BET member Troy Jellerette asked why the payments would begin next year.

Burnett, sitting in the audience, answered that thinking shifted from an initial idea to have the Authority start making minimal payments when it paid off its line of credit.

“We felt allowing another seven or eight months would allow Oak Hills to build up a set of reserves that could be used for any capital improvements or contingency items that might come up,” Burnett said. “Oak Hills has done an assessment of all the work that should be done on the course to bring it up to even a higher standard, such as replacing the bathrooms, (and) several other items. Those items alone are somewhere between $700,000 to $800,000.”

“Obviously we are not going to fix all that in one year but building up some reserve to address those issues allows Oak Hills to make the payment to the City, address the conditions of the course and not have to draw down on their line of credit, the whole 200K that’s there. That’s why there’s a seven-month period before they start paying this.”

BET member James Frayer peppered Waters and Gartner with questions, asking what happens if the number of rounds doesn’t increase, and instead continues to drop.

“The deterioration, I think, the last couple of years is a combination of some very real things,” Waters said.  He noted that construction affected three seasons, and “(former Chief Financial Officer) Bob Barron always told us we can’t use weather as an excuse but there was 144 days of rain last year.”

He chuckled when Frayer mentioned climate change, and Frayer asked what would happen to the agreement if rounds declined.

“We keep hearing how beautiful the course is, it’s just like a country club,” Gartner said. “We have a lot of regular players. I don’t foresee that happening.”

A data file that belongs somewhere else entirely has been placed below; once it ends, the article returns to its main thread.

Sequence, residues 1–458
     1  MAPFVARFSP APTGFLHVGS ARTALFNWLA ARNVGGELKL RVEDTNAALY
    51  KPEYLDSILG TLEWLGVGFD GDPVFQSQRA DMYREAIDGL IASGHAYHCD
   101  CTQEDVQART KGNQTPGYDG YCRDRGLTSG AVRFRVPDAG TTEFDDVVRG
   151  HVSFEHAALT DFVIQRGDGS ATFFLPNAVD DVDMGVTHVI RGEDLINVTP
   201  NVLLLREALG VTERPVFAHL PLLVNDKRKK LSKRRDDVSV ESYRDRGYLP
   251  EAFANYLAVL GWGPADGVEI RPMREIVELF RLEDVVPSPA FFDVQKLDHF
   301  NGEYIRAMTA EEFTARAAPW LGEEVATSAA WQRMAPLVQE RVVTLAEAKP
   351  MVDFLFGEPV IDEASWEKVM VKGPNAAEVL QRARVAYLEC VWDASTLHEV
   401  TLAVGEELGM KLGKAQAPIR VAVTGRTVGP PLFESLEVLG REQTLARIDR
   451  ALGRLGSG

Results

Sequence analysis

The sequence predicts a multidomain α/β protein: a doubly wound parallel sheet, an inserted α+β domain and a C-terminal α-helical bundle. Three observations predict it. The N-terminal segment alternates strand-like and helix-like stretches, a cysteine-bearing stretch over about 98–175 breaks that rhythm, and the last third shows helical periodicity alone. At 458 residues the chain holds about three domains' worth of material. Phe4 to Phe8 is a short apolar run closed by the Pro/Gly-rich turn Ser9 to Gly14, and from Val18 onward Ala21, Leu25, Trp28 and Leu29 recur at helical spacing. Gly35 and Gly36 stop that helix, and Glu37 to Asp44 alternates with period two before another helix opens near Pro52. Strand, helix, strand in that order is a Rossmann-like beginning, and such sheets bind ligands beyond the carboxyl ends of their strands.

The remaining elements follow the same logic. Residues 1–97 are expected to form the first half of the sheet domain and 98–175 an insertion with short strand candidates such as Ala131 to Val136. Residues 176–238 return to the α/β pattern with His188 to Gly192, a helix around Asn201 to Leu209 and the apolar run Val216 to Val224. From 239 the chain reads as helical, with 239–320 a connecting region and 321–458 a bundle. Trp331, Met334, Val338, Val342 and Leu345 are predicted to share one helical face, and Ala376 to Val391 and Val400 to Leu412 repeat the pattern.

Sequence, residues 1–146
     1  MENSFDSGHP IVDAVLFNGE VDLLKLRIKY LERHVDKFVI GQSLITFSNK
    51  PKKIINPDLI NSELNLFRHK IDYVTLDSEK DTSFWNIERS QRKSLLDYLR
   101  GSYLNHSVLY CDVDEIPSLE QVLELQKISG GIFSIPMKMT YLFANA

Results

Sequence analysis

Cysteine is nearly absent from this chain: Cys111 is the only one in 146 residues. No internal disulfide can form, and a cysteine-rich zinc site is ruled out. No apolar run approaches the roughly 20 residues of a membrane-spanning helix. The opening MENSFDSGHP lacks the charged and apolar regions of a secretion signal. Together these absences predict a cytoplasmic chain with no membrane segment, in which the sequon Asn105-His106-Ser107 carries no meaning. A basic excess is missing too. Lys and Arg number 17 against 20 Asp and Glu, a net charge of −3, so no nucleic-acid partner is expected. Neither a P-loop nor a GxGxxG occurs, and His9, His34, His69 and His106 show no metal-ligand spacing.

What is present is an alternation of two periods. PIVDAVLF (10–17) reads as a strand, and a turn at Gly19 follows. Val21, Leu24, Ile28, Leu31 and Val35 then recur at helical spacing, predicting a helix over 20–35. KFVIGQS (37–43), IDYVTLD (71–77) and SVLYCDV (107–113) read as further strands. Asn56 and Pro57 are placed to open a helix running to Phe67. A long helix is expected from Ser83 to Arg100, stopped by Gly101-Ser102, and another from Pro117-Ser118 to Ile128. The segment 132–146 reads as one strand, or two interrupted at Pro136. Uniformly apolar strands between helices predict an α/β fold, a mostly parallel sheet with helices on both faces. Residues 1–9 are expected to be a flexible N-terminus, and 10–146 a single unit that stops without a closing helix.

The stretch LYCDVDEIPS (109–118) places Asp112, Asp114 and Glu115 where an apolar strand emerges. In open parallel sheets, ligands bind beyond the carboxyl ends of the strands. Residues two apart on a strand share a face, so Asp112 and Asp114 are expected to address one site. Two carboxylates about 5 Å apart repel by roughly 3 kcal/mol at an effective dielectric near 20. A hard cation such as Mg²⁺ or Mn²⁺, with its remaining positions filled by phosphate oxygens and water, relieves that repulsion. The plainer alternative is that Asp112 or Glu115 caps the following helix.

Some expenses are tied to the amount of play, so that would mitigate the issue somewhat, but it’s possible that it might take longer to pay off the loan, he said.

“Extending the loan is not a preferred approach, but if it becomes a serious issue where we are seeing the number of rounds constantly decreasing I think we call a do-over,” Burnett said. “We come back to the table, we look at the trend and we might have to make some adjustments. … The data that we looked at so far is projecting that we are going to see an increase.”

“I like the idea of paying monthly,” Jellerette said. “I didn’t like the idea of paying yearly. I think that the only thing is, in the business world I would say this is a best-case projection. … My only concern is, like Jim says, if the rounds don’t come in where you’re going to have, you’re going to push this out, what is it, (2042) now?”

A potential deal with the Authority was first reported by NancyOnNorwalk in June. The proposal was not on the agenda for Monday’s BET meeting.


31 responses to “Norwalk poised to restructure Oak Hills’ debt”

  1. Mitch Adis

    What a scam! What is 100% of nothing? That’s right! Zero! That’s what the Taxpayers will get. Turn Oakhill into a park and call it a day.

  2. Roger

    I do some work at Oak Hills and I play golf there and from what I have been hearing the park authority is the one who drove the discussions. They do not get the credit they deserve. I applaud them for sticking to their guns and getting a better deal. The course is beautiful and the park offers more than ever before. If the city never built that building Oak Hills would be in much better shape.

  3. JP. Joe

    Roger, The bigger problem is poor management over the last ten years

  4. Sandra